A recent documentary, Dying a Slow Death: Inside Indonesia’s Drug War by the Indonesian Drug Users Network and Hungarian Drugreporter, shows how the drug war impacts the community.

The crackdowns may also raise the price of heroin in the market. For desperate poor addicts, this will drive them to seek out cheaper and more dangerous illegal drug options.

Already, Indonesia has seen a case of poisoning from Desomorphine, also known as Crocodile. The drug, a cheap substitute for heroin, is a highly addictive and dangerous substance that cause the user’s body to rot from the inside.

Associating drug use with morality

Perhaps the biggest problems in tackling drug abuse are the lack of common sense and a negatively skewed perception of drug users.

Evidence of the health gains from harm-reduction interventions are irrefutable. But these are often dismissed due to an entrenched view in the society that sees drugs as morally bad. Hence, we conclude anyone using the substance is morally deficient.

The enemies of society are the drug producers and dealers. But they represent less than 3% of the people in our prison cells. Drug users and couriers, who often come from the most marginalised groups in society, are overrepresented.

The power vested in the government should be used to save the lives of the victims and punish drug producers and traffickers.

Authors: The Conversation Contributor

Read more http://theconversation.com/indonesias-war-on-drugs-may-bring-health-crisis-52090

Writers Wanted

Schitt's Creek: the TV show has been showered with Emmys but is it worth the hype?

arrow_forward

COVID-19 and small island nations: what we can learn from New Zealand and Iceland

arrow_forward

'If JobSeeker was cut, the unemployed would be picking fruit'? Why that's not true

arrow_forward

The Conversation
INTERWEBS DIGITAL AGENCY

Politics

Did BLM Really Change the US Police Work?

The Black Lives Matter (BLM) movement has proven that the power of the state rests in the hands of the people it governs. Following the death of 46-year-old black American George Floyd in a case of ...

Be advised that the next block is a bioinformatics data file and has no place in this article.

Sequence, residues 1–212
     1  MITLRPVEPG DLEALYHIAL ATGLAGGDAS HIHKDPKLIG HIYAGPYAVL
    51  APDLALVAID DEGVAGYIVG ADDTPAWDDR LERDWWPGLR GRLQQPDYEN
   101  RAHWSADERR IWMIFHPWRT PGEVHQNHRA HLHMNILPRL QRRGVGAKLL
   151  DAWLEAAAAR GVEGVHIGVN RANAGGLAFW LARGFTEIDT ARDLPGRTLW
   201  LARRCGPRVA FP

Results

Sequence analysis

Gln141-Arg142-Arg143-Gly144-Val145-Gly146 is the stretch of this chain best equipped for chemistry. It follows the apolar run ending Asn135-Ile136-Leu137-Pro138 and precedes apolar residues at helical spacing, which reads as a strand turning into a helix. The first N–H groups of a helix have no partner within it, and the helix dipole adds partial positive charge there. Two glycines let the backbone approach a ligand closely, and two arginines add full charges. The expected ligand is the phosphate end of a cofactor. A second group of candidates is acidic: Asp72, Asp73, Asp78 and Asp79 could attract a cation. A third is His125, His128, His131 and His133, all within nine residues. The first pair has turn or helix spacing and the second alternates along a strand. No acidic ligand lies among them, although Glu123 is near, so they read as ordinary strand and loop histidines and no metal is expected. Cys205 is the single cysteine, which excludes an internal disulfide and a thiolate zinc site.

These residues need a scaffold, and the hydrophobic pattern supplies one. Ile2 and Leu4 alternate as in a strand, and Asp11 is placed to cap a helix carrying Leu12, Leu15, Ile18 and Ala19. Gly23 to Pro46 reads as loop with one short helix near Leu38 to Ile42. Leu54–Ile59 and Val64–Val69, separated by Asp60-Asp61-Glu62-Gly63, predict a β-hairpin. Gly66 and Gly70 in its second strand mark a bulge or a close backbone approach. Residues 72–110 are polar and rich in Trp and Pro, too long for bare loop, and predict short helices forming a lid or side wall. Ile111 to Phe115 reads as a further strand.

a Guest Writer - avatar a Guest Writer

Scott Morrison: the right man at the right time

Australia is not at war with another nation or ideology in August 2020 but the nation is in conflict. There are serious threats from China and there are many challenges flowing from the pandemic tha...

Greg Rogers - avatar Greg Rogers

Prime Minister National Cabinet Statement

The National Cabinet met today to discuss Australia’s COVID-19 response, the Victoria outbreak, easing restrictions, helping Australians prepare to go back to work in a COVID-safe environment an...

Scott Morrison - avatar Scott Morrison

Business News

Ten tips for landing a freelance transcription job

Transcription jobs are known to be popular in the field of freelancing. They offer fantastic job opportunities to a lot of people, but there are some scammers who wait to cheat the freelancers. ...

News Company - avatar News Company

How To Remove Rubbish More Effectively

It can be a big task to remove household rubbish. The hardest part is finding the best way to get rid of your junk. It can be very overwhelming to know exactly where to start with so many option...

News Company - avatar News Company

4 Tips To Pass Skills Certifications Tests

Developing the right set of skills is valuable not only to your career, but for life in general. You can get certified in these skills through obtaining a license. Without a certified license, y...

News Company - avatar News Company



News Company Media Core

Content & Technology Connecting Global Audiences

More Information - Less Opinion